At the foothills of the Alps mountain range lays the most exquisite culinary region of Italy.
Piemontese speak of food and wine passionately with a dash of a French accent, no wonder it is the home of the ‘Slow Food’ revolution! The food is all about local, seasonal and fresh, basically the opposite of ‘fast food’ which swept the world and threatened to extinct the traditional local cuisine.
About the tour
Barolo and Barbaresco are two famous wine villages in the world. Some may say it is where the most impressive Italian wines come from. These monumental wines age for decades in wine cellars all over the world. It is not often that you would see such a rare unification of extraordinary lucrative wines while the winery owner in a worn out overall working in the vineyard. The have a saying in Piemonte that the best compost is the owner’s footprints.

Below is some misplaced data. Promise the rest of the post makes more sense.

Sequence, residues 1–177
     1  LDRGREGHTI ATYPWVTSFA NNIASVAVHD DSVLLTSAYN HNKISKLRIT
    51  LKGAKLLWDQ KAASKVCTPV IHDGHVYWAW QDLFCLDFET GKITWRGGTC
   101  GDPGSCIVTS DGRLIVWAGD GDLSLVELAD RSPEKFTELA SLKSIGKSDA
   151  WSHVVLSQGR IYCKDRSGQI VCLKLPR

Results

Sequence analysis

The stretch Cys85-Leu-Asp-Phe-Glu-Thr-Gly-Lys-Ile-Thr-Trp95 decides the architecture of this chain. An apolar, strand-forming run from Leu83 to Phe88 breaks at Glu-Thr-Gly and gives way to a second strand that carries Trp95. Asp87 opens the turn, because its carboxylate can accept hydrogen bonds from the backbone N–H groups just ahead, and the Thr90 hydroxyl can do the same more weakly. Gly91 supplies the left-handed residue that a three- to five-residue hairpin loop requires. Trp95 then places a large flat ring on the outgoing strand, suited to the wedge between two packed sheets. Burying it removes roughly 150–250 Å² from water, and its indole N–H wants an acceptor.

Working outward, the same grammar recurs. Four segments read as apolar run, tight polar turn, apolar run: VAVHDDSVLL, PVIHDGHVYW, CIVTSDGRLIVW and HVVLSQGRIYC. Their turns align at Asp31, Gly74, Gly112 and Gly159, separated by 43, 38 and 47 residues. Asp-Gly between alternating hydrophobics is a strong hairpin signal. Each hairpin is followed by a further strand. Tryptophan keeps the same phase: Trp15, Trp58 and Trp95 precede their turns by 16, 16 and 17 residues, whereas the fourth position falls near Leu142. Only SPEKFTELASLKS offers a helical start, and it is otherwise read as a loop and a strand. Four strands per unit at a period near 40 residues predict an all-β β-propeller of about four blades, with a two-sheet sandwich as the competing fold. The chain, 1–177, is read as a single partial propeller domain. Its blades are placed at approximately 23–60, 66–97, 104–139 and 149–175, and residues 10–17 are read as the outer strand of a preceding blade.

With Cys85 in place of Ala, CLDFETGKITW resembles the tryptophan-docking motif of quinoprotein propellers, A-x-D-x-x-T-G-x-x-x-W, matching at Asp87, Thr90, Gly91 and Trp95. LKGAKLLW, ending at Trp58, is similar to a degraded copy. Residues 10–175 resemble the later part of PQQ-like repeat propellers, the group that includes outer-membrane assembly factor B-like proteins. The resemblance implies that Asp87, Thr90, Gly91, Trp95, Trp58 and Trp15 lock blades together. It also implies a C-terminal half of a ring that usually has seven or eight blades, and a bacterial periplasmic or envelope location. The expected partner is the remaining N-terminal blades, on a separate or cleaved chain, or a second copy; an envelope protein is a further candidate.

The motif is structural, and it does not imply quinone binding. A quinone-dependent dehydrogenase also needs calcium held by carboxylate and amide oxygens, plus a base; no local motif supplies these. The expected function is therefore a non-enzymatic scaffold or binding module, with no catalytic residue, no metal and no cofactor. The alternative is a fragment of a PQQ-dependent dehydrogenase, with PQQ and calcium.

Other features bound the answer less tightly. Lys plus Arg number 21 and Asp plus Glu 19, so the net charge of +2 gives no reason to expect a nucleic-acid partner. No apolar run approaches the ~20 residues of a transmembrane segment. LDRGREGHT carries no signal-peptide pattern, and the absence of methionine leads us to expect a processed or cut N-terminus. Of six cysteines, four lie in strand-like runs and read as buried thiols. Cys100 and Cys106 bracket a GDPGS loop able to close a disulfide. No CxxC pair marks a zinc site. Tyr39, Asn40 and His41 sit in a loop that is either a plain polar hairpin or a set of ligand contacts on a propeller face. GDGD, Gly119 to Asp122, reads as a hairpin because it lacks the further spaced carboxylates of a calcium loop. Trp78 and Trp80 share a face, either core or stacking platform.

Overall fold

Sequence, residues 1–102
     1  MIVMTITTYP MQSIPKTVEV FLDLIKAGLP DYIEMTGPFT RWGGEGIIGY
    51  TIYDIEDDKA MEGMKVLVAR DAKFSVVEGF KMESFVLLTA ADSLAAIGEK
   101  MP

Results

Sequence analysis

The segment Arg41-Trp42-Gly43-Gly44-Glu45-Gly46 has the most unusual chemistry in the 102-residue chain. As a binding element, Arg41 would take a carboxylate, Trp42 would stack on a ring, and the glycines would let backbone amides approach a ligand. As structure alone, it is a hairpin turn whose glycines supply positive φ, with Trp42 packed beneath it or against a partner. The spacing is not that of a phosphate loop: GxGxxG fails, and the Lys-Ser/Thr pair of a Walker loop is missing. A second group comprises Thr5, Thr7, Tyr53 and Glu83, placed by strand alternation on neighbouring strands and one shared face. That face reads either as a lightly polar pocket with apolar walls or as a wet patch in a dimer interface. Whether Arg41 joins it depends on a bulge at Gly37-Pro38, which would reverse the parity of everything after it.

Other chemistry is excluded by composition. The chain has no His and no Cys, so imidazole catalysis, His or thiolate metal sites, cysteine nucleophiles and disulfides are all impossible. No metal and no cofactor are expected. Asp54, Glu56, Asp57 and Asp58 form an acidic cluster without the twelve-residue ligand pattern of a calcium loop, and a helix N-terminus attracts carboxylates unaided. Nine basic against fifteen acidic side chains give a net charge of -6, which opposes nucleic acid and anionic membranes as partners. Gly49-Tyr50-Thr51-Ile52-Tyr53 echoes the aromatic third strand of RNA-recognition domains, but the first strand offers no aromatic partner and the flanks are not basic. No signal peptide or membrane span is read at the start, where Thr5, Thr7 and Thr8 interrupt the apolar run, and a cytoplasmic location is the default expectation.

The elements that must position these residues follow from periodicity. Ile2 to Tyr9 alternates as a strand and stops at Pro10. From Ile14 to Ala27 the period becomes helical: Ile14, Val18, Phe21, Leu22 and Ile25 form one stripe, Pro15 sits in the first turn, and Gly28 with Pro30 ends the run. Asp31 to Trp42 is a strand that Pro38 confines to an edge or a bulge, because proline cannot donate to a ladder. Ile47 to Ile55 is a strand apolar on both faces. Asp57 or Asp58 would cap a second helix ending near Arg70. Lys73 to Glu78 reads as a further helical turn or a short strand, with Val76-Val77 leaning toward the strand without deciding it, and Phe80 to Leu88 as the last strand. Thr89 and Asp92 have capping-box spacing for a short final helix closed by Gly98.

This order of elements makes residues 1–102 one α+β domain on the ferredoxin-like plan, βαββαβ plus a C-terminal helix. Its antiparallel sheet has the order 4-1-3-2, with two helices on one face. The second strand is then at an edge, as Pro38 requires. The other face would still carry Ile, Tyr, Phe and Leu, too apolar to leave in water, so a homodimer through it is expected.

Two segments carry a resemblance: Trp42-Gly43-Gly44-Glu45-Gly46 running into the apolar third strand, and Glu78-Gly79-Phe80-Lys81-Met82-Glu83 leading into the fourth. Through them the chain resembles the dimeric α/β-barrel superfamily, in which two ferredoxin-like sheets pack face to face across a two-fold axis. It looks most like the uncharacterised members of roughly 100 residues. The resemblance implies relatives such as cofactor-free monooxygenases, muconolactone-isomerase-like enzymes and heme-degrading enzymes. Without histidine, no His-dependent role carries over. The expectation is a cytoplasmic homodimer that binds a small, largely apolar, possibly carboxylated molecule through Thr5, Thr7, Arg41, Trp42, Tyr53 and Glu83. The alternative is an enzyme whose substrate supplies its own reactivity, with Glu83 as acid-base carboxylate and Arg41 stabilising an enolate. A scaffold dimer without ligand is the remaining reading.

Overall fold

Alba- Once or twice a week the town of Alba is clouded by a sweet and nutty overcast from the Nutella factory up on the hill. On Saturdays the old city center becomes a bustling market filled with local fresh fruits and vegetable and irresistible truffle mushrooms in all shapes and forms and fashion.
“If there is a heaven it looks like this” said a friend who studied in Piemonte. The Villages surrounding Alba: Barolo, Barbaresco and others are simply mesmerizing. Not once did visitors fall in love and decide to leave their lives behind and settle down here.
The tension between tradition and advancement is well felt here. The most famous story is about a man name Elio Altare who decided to rebel the local tradition and bring modern French techniques. One the changes he brought was the use of oak barriques of 228 liters instead of the vast local traditional ones. In a symbolic and a dramatic act, he sawed his father’s barrels and used only the small ones he brought from France. The new wines were highly praised, received international recognition and fortune to the region. Another outcome of the change brought by young Elio was that his father would not speak to him till the day he died.
This story is even more moving when heard from the mouth of Sylvia, Elio’s daughter, who is a young rebel herself.